Table V-4
Base Case Cost Associated with Full Replacement and Less than Full Replacement for Eight Different Overstress Thresholds
Overstress Threshold (Percentage of Inventory Rating) Number of Actual Deficient Bridges Full Replacement Costs ($ millions) Less Than Full Replacement Costs ($ millions)
1.00 15,749 $12,922 $8,614
1.05 11,041 $8,628 $5,746
1.10 7,315 $5,317 $3,544
1.15 5,079 $3,257 $2,171
1.20 3,756 $2,379 $1,586
1.25 2,931 $1,656 $1,104
1.30 2,431 $1,294 $ 863
1.3664 1,975 $839 $ 559

Analysis Results - Western Uniformity Scenario

The analysis of the scenario trucks follows identically the procedure for the base case vehicles. Earlier in this Chapter, Table V-2 describes the scenario vehicles. Because some of the vehicles are assumed to operate only on the Interstate System and others on both Interstate and non-Interstate portions of the National Network, each set of highways/vehicles was analyzed separately and the results combined to prevent double counting of overstressed bridges. Table V-5 shows estimates of the number of bridges that would be overstressed at various assumed thresholds relative to the inventory rating, and Table V-6 contains cost estimates to replace or improve those bridges. Again the third column represents the Less Than Full Replacement scenario based on the same assumptions as were used in the Base Case analysis.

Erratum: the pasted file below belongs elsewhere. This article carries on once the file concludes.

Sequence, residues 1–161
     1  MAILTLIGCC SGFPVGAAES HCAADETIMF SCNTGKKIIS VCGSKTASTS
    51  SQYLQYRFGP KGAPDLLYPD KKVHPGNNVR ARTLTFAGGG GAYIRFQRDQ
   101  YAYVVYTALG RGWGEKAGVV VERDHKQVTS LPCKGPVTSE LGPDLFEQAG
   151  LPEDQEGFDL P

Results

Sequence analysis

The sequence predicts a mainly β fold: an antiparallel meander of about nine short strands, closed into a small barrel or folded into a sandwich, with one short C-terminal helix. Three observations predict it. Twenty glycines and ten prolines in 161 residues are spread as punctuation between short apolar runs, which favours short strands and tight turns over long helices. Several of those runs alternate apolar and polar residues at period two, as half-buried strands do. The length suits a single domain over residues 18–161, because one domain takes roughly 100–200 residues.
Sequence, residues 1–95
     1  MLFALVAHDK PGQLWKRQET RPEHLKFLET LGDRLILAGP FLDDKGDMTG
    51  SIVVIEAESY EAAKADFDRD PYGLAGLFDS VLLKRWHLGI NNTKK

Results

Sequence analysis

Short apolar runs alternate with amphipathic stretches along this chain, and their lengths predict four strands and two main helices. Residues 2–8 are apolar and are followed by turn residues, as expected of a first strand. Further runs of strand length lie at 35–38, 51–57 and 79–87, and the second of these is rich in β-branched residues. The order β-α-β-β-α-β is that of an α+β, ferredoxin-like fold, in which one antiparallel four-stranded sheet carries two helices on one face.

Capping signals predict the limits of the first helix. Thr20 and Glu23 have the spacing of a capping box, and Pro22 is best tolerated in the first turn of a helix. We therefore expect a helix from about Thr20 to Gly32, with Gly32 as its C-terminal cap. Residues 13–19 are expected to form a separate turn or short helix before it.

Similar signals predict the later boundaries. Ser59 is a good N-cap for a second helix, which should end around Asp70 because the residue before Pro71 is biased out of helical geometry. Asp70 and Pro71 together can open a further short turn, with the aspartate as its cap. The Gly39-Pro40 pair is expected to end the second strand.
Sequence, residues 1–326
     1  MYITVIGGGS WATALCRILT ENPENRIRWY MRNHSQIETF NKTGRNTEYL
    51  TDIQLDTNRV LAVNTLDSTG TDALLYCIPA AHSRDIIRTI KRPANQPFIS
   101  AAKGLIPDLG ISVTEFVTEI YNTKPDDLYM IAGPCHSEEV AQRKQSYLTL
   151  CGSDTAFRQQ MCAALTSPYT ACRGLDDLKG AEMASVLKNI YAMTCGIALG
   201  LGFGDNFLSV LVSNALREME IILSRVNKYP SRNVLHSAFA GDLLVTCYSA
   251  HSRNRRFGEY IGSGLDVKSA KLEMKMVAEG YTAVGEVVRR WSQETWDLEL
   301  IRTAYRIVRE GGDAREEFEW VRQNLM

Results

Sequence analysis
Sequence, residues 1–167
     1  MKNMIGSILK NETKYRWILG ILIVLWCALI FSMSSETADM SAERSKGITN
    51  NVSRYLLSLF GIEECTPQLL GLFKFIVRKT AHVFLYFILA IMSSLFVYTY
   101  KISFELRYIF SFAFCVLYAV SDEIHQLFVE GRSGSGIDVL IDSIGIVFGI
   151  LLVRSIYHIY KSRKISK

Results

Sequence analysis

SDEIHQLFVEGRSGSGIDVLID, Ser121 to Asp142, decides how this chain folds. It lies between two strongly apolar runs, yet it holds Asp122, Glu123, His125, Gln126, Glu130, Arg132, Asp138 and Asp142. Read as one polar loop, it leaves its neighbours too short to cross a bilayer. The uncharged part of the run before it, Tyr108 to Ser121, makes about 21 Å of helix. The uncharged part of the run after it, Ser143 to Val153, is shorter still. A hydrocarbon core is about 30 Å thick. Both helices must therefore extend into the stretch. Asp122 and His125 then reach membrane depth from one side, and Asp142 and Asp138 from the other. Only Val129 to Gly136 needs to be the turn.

The two alternative cases of the Western Uniformity Scenario - the high-cube allowing a combined trailer length of 101-feet and the low-cube that only allows a combined trailer length of 95-feet - do not make a difference in the analysis of bridge impacts.

Table V-5
Analysis of the Uniformity Scenario Trucks on the Interstate and National Network Highway Systems
State Number and Percentage of Actual Bridges Experiencing "Overload" for Given Thresholds1
0% 5% 10% 15% 20% 25% 30% 36.4 % 2
Colorado 1,572 88.6% 1,402 79.0% 1,150 64.8% 889 50.1% 687 38.7% 495 27.9% 360 20.3% 230 13.0%
Idaho 463 62.0% 346 46.3% 237 31.7% 167 22.4% 108 14.5% 71 9.6% 52 7.0% 36 4.8%